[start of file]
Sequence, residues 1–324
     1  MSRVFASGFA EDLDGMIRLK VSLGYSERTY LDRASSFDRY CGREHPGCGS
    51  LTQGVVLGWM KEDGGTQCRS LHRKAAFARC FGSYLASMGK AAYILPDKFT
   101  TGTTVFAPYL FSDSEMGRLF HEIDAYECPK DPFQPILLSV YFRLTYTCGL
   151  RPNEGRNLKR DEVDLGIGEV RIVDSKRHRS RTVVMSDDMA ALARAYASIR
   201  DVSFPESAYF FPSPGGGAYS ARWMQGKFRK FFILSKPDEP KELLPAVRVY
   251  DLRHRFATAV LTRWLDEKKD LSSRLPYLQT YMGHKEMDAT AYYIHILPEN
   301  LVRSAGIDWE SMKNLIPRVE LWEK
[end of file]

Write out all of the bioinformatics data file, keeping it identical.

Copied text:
Sequence, residues 1–324
     1  MSRVFASGFA EDLDGMIRLK VSLGYSERTY LDRASSFDRY CGREHPGCGS
    51  LTQGVVLGWM KEDGGTQCRS LHRKAAFARC FGSYLASMGK AAYILPDKFT
   101  TGTTVFAPYL FSDSEMGRLF HEIDAYECPK DPFQPILLSV YFRLTYTCGL
   151  RPNEGRNLKR DEVDLGIGEV RIVDSKRHRS RTVVMSDDMA ALARAYASIR
   201  DVSFPESAYF FPSPGGGAYS ARWMQGKFRK FFILSKPDEP KELLPAVRVY
   251  DLRHRFATAV LTRWLDEKKD LSSRLPYLQT YMGHKEMDAT AYYIHILPEN
   301  LVRSAGIDWE SMKNLIPRVE LWEK